It's entirely possible to watch The Disappearance of Nagato Yuki-chan never having seen a single second of The Melancholy of Haruhi Suzumiya, or the movie that this new series' original is a spin-off of, The Disappearance of Haruhi Suzimya. But there'd be no point. After all, the appeal of this series is not necessarily the characters themselves (they're unremarkable for now, and generically affable), or the situations they find themselves in (the marketplace competitions made me laugh out loud; Yuki's stammering over weddings and Christmas cakes less so), but how they differ from who and what they were in Haruhi. At the end of the day, there's no point in alternate versions of anything if there's no baseline to compare it to.

If you are familiar with the Haruhi franchise, though, then you'll find a lot to like about Nagato Yuki-chan. It's essentially a "what if?" and it manifests itself through a myriad of ways. The character designs are notably different, for one. But it's not just aesthetics; the new look matches the characters' new personalities. The titular character is not her usual self. She's a lot more like a generic anime heroine, and that's a large part of the setup. Without the SOS Brigade, and without Haruhi (not yet, at least)... what else is there that would anchor that world? Why wouldn't these characters be more concerned with whether or not they can procure a Christmas turkey, or get the Literature Club room for a holiday party? When Kyon mentions that nothing really happens in the Literature Club, we're supposed to sympathize with his ennui.

Therein lies the conundrum inherent in The Disappearance of Nagato Yuki-chan. If you're not familiar with the world of Haruhi Suzumiya, is it even worth your time? Probably not. It's like going to a party but you don't know anyone there, and no one's willing to talk to you. You can observe all you want, but that immersion simply isn't there. Without the SOS Brigade, or at least the memory of the SOS Brigade, the first episode might be considered downright boring (marketplace competition aside!). Who really cares if their Christmas cake is two-tiered or four-tiered? Who really cares if Kyon helped Yuki get a library card or not? But if you're a Haruhi fan, you care, because it's like stepping into a bizarro world that's filled with possibilities.

I want to think that watching this series cold will inspire newcomers to check out its roots, but I wonder if anyone would even last that long to bother. If you're a Haruhi Suzumiya fan, you will definitely recognize the charm in this quirky, alternate-world spin-off. But for everyone else... well, maybe just table this one for later, after you've caught up.


Nick Creamer

Rating: 3

The Disappearance of Nagato Yuki-chan is a puppy that just chewed up my favorite shoes. I want to be angry at it - I know I have every right to be - but come on. Look at it sitting there, with its big puppy eyes and its dumb happy expression. How am I supposed to hate that?

Nagato Yuki-chan takes the universe posited by the Disappearance of Haruhi Suzumiya film (one where Haruhi is just a normal teenage girl and Yuki a perpetually flustered bookworm) and basically runs with it. If the original Melancholy of Haruhi Suzumiya was a playful fantasy riff on slice of life conventions, Nagato Yuki-chan is that premise played straight. None of the scifi shenanigans, none of the hints of underlying darkness and Haruhi's borderline-veering-into-outright abusiveness, and very little of Kyon's deadpan commentary on the whole production. Nagato herself is now mainly interested in food, Kyon, and making silly faces, Asakura is the maybe-too-confident ringleader of the Literature Club, and the primary conflict we've seen so far involves securing a turkey for Nagato's promised Christmas Party.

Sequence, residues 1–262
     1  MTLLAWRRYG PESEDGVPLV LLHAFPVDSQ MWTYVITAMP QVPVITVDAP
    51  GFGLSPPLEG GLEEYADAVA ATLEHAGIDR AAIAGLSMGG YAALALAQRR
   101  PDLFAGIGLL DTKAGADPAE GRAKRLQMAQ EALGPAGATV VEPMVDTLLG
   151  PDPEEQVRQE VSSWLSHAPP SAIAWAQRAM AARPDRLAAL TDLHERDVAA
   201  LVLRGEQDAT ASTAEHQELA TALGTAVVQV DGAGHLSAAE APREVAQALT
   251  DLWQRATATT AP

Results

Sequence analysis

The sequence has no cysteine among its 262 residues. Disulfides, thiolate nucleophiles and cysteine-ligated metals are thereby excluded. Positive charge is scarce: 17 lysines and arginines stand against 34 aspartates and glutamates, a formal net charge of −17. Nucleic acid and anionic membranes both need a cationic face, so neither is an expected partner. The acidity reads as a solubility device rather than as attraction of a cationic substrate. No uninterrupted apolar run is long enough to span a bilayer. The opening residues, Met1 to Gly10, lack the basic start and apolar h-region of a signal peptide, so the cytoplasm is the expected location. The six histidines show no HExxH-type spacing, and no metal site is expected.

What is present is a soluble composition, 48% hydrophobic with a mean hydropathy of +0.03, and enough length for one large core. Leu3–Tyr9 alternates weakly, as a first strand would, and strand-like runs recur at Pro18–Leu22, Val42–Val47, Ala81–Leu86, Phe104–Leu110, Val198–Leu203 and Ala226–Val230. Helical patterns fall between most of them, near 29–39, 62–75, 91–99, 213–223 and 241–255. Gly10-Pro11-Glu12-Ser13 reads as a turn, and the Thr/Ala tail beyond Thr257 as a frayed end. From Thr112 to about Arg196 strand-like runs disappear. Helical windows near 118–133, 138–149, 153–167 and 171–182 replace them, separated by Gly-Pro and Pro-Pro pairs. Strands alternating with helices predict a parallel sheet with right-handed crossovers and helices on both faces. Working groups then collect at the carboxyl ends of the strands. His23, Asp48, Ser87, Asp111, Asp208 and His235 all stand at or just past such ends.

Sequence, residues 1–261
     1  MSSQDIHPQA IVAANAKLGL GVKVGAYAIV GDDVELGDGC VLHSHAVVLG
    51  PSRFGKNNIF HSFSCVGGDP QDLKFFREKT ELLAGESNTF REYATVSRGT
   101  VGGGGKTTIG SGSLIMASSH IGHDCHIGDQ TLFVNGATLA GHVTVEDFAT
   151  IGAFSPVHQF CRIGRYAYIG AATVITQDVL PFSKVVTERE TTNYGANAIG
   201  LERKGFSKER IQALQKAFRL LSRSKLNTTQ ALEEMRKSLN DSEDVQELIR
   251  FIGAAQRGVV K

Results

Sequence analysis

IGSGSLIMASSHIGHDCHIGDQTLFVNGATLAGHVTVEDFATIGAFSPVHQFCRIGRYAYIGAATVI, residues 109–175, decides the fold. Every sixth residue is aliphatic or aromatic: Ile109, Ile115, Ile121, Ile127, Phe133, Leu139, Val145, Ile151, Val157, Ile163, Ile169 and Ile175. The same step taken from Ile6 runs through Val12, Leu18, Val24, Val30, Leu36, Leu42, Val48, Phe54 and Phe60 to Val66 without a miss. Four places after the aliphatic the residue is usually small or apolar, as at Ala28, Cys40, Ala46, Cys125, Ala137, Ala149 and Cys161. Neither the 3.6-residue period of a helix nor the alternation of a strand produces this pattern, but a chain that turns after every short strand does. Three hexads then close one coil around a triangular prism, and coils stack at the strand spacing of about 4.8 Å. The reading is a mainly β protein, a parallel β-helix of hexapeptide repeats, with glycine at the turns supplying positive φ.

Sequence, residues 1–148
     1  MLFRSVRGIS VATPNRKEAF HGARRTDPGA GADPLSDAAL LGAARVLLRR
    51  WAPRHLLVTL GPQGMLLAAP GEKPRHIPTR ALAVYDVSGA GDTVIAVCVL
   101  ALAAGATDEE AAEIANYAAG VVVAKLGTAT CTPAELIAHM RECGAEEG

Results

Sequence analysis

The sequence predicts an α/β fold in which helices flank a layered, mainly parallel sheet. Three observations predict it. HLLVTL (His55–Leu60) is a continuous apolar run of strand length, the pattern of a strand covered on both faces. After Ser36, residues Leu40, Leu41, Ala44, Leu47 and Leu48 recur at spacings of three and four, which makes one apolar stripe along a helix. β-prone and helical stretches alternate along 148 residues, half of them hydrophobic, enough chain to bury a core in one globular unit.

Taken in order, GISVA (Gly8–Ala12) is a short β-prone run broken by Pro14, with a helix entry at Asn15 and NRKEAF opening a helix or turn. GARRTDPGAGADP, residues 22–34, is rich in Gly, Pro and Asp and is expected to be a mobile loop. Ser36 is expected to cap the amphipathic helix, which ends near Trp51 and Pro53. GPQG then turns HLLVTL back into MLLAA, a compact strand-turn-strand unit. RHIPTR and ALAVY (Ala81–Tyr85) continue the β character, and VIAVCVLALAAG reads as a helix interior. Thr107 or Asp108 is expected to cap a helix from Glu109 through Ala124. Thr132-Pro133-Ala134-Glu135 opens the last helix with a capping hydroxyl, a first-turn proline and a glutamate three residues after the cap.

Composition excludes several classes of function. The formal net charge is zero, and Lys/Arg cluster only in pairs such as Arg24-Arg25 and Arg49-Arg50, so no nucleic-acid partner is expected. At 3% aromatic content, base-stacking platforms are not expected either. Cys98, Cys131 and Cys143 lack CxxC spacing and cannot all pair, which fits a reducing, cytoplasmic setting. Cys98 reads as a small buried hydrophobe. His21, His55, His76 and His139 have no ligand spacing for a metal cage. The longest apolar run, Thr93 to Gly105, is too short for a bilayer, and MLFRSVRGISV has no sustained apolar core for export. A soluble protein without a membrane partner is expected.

All of this should really come off as a grim reminder of what we've lost - like seeing an old friend who's fallen on hard times, their wild wit gone and a sad complacency with the mundane left in its place. At the start, I was very ready to spend this episode mourning the loss of a show I once counted as a personal favorite. And yet, and yet, frustratingly, confusingly, surprisingly, The Disappearance of Nagato Yuki-chan is actually pretty good at the new genre it's chosen. The conversations still have a natural wit, and Nagato herself is honestly more of a fully realized person. Kyon's role has been diminished but still exists, and the banter between him, Nagato, and all the other old standbys possesses actual chemistry. Nagato can sometimes come off as overly infantilized, but she's full of funny expressions and more often than not able to hold down the protagonist role. Yeah, this might be Haruhi by way of Place to Place, but this is actually a lot better than most Place to Places (including, well, Place to Place).

This isn't a great show, of course. Many of the more low-key scenes move beyond tranquil and into dull, some of the jokes try too hard with too little material (the competition between Asakura and Tsuruya went on for far too long, for example), and the overall show certainly doesn't seem that ambitious. There are echoes of the original series that bait possible returns to that style of material, but this episode is still mainly turkey and blushing. But yeah, I ultimately enjoyed this episode. If you can set aside any Haruhi-based expectations, this seems like a reasonable slice of life/romcom featuring a cast of old friends.